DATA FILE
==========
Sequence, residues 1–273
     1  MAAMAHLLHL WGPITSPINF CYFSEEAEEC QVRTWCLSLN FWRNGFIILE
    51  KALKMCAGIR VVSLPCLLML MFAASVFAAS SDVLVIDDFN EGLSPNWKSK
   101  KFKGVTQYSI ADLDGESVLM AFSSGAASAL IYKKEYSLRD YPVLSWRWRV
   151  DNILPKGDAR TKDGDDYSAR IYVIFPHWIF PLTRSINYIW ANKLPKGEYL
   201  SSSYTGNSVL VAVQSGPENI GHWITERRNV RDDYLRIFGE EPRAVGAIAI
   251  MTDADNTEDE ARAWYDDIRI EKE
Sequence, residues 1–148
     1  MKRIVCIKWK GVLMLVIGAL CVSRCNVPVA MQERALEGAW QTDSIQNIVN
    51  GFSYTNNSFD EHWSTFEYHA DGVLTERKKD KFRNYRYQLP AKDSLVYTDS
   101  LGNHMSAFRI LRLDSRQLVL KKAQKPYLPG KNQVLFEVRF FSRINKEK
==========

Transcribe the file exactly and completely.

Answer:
Sequence, residues 1–273
     1  MAAMAHLLHL WGPITSPINF CYFSEEAEEC QVRTWCLSLN FWRNGFIILE
    51  KALKMCAGIR VVSLPCLLML MFAASVFAAS SDVLVIDDFN EGLSPNWKSK
   101  KFKGVTQYSI ADLDGESVLM AFSSGAASAL IYKKEYSLRD YPVLSWRWRV
   151  DNILPKGDAR TKDGDDYSAR IYVIFPHWIF PLTRSINYIW ANKLPKGEYL
   201  SSSYTGNSVL VAVQSGPENI GHWITERRNV RDDYLRIFGE EPRAVGAIAI
   251  MTDADNTEDE ARAWYDDIRI EKE
Sequence, residues 1–148
     1  MKRIVCIKWK GVLMLVIGAL CVSRCNVPVA MQERALEGAW QTDSIQNIVN
    51  GFSYTNNSFD EHWSTFEYHA DGVLTERKKD KFRNYRYQLP AKDSLVYTDS
   101  LGNHMSAFRI LRLDSRQLVL KKAQKPYLPG KNQVLFEVRF FSRINKEK